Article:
Socially, it would entail restoring patriarchy in its most complete form (i.e., women/children are property of men etc.).

Politically, it would involve a system analogous to feudalism, where a tiny number of “job creators” hold all other economic classes in conditions of abject wage slavery.

Philosophically, it would involve a retreat from rationality to mindless tradition and religious authority, both employed mainly to suppress thought and to make the oppression of the new order more tolerable to the population.

13 jaunte  Mon, Jan 14, 2013 4:59:36pm

Cynthia Dunbar: Using TX School Standards To Offset “Biblically Illiterate Society”
Speaking at The Awakening 2011, Texas Board of Education member Cynthia Dunbar admits that they used state curriculum standards to teach students our laws are “revealed through the Holy Scripture.”

14 ProBosniaLiberal  Mon, Jan 14, 2013 5:00:25pm

What is dreadfully ironic here, is that during the Islamic Golden Age, there were a number of scholars that broached the topic of Evolution. How far the Islamic World has fallen.

Somewhat related, why do so many people think that King Muhammad V of Morocco was assassinated by his son? I realize they were polar opposites, but what is the story behind that conspiracy theory?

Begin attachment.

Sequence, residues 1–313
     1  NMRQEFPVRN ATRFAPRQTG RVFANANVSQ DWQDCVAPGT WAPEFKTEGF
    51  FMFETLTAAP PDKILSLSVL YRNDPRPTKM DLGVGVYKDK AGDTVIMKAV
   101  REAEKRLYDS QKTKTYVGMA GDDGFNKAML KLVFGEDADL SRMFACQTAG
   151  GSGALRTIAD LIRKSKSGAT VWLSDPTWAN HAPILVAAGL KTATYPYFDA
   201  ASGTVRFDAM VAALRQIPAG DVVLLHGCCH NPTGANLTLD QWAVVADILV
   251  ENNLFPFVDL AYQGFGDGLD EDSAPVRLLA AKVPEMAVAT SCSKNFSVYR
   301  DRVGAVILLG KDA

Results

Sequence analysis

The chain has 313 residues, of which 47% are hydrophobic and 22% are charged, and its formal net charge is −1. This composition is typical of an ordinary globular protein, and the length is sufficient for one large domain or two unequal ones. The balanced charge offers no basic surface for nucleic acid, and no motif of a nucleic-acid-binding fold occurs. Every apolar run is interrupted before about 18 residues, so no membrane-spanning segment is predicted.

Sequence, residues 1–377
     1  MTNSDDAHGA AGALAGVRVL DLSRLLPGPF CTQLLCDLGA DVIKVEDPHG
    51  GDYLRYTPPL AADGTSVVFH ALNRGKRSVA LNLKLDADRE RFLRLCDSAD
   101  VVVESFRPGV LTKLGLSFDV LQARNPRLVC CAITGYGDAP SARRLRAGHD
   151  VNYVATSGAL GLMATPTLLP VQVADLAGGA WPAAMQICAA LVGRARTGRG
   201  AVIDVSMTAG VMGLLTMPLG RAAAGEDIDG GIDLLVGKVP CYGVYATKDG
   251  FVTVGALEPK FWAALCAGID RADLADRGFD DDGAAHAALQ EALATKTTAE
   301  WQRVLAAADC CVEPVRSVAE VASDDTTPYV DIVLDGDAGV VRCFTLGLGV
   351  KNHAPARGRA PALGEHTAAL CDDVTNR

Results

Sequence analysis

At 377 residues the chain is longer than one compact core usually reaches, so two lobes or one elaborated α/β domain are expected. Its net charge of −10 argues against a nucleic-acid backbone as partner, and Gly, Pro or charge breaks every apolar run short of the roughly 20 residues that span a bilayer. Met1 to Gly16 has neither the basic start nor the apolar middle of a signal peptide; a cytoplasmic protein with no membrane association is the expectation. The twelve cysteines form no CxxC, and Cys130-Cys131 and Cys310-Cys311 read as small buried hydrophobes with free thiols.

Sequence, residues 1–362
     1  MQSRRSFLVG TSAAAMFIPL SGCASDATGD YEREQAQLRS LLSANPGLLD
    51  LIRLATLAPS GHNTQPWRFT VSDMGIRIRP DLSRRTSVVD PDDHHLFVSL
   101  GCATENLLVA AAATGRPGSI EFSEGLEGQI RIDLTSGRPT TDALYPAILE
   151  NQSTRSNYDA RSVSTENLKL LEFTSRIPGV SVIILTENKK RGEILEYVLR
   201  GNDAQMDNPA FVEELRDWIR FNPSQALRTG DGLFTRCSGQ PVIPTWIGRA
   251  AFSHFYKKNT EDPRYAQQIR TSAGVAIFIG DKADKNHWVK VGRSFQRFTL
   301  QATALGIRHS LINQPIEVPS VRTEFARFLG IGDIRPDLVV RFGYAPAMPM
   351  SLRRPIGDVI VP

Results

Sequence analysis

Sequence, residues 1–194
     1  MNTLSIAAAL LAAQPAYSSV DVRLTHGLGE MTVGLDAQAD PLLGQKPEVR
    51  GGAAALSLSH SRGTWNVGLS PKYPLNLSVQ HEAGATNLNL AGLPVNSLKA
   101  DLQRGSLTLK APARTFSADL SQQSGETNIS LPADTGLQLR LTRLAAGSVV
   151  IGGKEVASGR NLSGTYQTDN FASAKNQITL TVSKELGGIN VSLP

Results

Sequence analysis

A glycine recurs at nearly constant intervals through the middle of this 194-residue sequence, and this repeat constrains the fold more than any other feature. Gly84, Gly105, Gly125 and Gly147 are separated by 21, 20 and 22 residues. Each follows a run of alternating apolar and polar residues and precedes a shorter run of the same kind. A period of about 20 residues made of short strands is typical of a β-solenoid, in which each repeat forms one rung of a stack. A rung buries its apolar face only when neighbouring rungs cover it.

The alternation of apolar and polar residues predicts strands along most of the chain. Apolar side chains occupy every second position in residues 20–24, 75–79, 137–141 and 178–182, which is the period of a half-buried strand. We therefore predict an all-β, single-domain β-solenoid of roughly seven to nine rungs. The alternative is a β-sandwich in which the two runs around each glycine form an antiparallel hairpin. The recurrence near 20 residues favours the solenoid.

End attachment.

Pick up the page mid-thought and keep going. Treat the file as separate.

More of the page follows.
15 jaunte  Mon, Jan 14, 2013 5:02:07pm

More Dunbar:

Christians should “occupy” all nations.

President-elect Barack Obama’s pro-choice stance on abortion is the same sort of “fascist, supremacist attitude exhibited by Mussolini and Hitler.”

Public education is tyrannical, unconstitutional and the Satan-following Left’s “subtly deceptive tool of perversion.” And parents who surrender their children to government-run schools are “throwing them into the enemy’s flames even as the children of Israel threw their children to Moloch.”

These aren’t the beliefs of just any right-wing Christian zealot — no offense to the right wing or to Christians in general — but one who was elected by Texas voters to help shape the curriculum for all of Texas’ 4.5 million public schoolchildren.
[Link: www.chron.com…]

16 Mattand  Mon, Jan 14, 2013 5:02:41pm

re: #5 EPR-radar

It’s a self evident proposition. I’d be surprised if there is any pushback on this point in the comments.